Notary Protest and Dishonor UCC 3-505
The following excerpts are from a document titled NOTARY CERTIFICATE OF DISHONOR PROCESS created and distributed by Sovereignty Education and Defense Ministry (SEDM). It is a thorough summary of the process and underlying foundational concepts. Please see the link below for the full PDF document.
What do we mean by Notary Protest and Dishonor UCC 3-505?
In commercial redemption processes, involving a Notary Public in any commercial dispute is for the purpose of gathering credible, admissible evidence of dishonor for use in resolving the dispute. A notary public is a “public officer” within the government, and as such, their official records are considered “public records” and are exempted from the Hearsay rule, Federal Rule of Evidence 802.
To have success in commercial redemption, as a creditor, as a sovereign, it is foundational to know and understand the concepts of Honor and Dishonor in contract law.
Honor – Dishonor
“Everything you do in life – whether a draft or a bill for services rendered, a request to do chores, or a letter asking why you did not file your taxes, is a draft (an offer). Every time you are addressed by some person, company, or agency, realize you may be lured into responding inappropriately. By law, you have 72 hours (three days) to change your mind on entering into any contract. When you do respond, you must analyze what you are really being asked to do or perform, or whether you are making assumptions about what is being requested. Every response falls into one of four categories. The first two leave you in honor and in control. The last two leave you in dishonor and you will lose:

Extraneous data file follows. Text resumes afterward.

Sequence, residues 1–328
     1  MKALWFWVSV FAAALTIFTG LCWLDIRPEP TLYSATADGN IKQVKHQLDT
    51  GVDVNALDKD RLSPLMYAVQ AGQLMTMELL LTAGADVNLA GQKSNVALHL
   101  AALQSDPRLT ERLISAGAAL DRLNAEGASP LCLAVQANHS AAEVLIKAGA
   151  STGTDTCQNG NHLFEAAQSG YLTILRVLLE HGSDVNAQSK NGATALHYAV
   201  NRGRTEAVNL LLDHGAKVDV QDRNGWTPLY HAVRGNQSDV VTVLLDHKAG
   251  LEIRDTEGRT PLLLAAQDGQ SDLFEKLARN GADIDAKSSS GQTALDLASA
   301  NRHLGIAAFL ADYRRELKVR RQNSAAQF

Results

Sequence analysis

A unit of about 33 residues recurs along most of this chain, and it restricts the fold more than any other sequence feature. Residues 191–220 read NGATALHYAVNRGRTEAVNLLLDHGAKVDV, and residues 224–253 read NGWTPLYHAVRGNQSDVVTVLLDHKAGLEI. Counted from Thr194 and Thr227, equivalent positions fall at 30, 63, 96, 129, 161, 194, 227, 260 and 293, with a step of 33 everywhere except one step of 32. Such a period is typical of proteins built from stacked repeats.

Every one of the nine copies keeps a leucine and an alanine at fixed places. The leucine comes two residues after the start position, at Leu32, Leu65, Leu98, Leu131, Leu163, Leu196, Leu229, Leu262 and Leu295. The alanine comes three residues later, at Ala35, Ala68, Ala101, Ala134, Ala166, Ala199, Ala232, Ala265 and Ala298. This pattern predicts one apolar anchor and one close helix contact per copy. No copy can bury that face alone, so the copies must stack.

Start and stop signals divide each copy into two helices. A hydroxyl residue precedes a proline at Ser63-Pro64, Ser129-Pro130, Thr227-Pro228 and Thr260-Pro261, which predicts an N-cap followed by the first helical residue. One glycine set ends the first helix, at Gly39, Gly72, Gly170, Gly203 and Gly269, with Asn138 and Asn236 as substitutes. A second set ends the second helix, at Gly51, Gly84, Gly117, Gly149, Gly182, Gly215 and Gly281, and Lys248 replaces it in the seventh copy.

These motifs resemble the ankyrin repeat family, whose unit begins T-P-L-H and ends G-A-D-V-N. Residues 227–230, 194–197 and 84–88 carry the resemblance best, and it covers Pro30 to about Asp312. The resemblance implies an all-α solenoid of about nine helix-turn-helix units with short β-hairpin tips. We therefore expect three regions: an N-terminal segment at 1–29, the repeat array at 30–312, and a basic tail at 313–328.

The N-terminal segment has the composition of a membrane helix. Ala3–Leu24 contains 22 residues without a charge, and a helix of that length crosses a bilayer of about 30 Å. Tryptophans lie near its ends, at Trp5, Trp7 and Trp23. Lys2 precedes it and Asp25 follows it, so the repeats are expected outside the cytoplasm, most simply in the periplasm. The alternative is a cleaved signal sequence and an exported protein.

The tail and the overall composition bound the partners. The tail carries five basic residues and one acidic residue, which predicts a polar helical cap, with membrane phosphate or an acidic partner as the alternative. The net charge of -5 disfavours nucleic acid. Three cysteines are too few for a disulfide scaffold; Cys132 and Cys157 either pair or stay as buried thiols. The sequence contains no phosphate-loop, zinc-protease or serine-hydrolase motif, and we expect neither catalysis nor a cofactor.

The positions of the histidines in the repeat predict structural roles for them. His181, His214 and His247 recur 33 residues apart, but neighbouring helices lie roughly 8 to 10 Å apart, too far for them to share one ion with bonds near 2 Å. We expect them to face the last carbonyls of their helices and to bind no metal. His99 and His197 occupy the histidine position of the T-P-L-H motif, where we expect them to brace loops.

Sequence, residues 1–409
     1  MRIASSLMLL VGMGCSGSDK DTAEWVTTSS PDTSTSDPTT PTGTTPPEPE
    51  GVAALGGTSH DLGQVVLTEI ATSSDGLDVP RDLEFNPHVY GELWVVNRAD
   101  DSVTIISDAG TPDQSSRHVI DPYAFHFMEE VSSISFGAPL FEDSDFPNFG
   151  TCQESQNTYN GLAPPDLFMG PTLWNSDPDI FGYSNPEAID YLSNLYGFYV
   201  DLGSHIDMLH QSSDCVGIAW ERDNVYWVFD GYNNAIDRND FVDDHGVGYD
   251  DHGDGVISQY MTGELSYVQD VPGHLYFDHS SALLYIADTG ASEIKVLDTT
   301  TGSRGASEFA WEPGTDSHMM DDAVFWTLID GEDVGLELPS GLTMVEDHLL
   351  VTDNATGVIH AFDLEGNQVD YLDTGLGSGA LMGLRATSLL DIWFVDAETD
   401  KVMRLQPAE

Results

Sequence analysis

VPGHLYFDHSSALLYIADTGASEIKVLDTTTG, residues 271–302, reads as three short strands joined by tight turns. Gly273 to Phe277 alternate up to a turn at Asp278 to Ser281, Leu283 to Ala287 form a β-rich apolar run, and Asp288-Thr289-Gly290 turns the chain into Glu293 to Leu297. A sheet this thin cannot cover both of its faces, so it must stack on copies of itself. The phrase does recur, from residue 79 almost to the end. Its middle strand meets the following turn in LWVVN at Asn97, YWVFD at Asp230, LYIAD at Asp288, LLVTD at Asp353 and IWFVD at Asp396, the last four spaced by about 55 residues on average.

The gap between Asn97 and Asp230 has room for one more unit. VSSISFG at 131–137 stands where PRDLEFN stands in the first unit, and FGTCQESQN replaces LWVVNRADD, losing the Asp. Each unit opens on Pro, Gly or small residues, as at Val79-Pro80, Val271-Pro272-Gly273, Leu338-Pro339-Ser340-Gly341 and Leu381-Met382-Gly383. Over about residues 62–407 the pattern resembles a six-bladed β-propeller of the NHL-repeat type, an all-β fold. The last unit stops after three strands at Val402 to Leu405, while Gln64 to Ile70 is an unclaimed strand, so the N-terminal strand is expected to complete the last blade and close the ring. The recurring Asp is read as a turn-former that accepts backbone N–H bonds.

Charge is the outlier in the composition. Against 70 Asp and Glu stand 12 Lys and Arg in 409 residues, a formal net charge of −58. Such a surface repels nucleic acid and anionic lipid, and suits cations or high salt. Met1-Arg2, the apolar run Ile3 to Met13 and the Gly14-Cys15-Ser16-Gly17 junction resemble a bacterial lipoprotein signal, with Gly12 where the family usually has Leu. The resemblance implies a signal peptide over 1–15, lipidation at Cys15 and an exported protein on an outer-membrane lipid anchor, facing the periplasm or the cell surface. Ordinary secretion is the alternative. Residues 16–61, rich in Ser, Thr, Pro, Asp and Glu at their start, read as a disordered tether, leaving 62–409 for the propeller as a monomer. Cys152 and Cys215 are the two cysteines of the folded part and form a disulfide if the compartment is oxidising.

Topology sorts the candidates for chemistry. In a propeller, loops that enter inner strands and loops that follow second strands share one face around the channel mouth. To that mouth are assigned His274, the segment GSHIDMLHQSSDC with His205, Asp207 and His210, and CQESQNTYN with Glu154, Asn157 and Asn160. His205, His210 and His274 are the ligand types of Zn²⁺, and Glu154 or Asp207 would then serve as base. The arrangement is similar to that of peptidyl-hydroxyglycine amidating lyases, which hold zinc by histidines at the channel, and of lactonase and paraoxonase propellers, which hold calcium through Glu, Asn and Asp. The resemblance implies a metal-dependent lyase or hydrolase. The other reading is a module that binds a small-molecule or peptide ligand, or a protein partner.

1. Conditionally Accept (CA) the offer
2. Accept the offer
3. Argue; or,
4 Ignore, be silent, acquiesce.
Frequently, creditors will intentionally take advantage of your commercial ignorance in order to set you up or entice you into dishonor and cause you to lose. This is accomplished in many ways, such as:
1. They make you an offer, demand or draft so outrageous that it entices you to argue.
2. They lure you to respond in a manner which technically is an argument.
3. They give you a far-off “respond by date” so that you do not respond within 72 hours.
4. They don’t tell you how to sure a prior dishonor.
5. They don’t respond at all to you so you don’t know what’s happened
Some dishonorable responses include: Complaining about a service and refusing to pay it, disputing a charge on your credit card statement, not responding at all to someone who angers you, replying with an untruthful or outrageous response.
Remember, all facts are irrelevant and fly out the window when there is dishonor. A judge can only intercede if there is controversy. If there is stipulation, he has nothing to do and that’s the end of it. You have “energy” and control if you stay in honor.”
Notary Protest and Dishonor UCC 3-505 – the UCC article can be found here:
Uniform Commercial Code
U.C.C. – ARTICLE 3 – NEGOTIABLE INSTRUMENTS
..PART 5. DISHONOR
§ 3-505. EVIDENCE OF DISHONOR.
(a) The following are admissible as evidence and create a presumption of dishonor and of any notice of dishonor stated:
(1) a document regular in form as provided in subsection (b) which purports to be a protest;
(2) a purported stamp or writing of the drawee, payor bank, or presenting bank on or accompanying the instrument stating that acceptance or payment has been refused unless reasons for the refusal are stated and the reasons are not consistent with dishonor;
(3) a book or record of the drawee, payor bank, or collecting bank, kept in the usual course of business which shows dishonor, even if there is no evidence of who made the entry.
(b) A protest is a certificate of dishonor made by a United States consul or vice consul, or a notary public or other person authorized to administer oaths by the law of the place wheredishonor occurs. It may be made upon information satisfactory to that person. The protest must identify the instrument and certify either that presentment has been made or, if not made, the reason why it was not made, and that the instrument has been dishonored by nonacceptance or nonpayment. The protest may also certify that notice of dishonor has been given to some or all parties.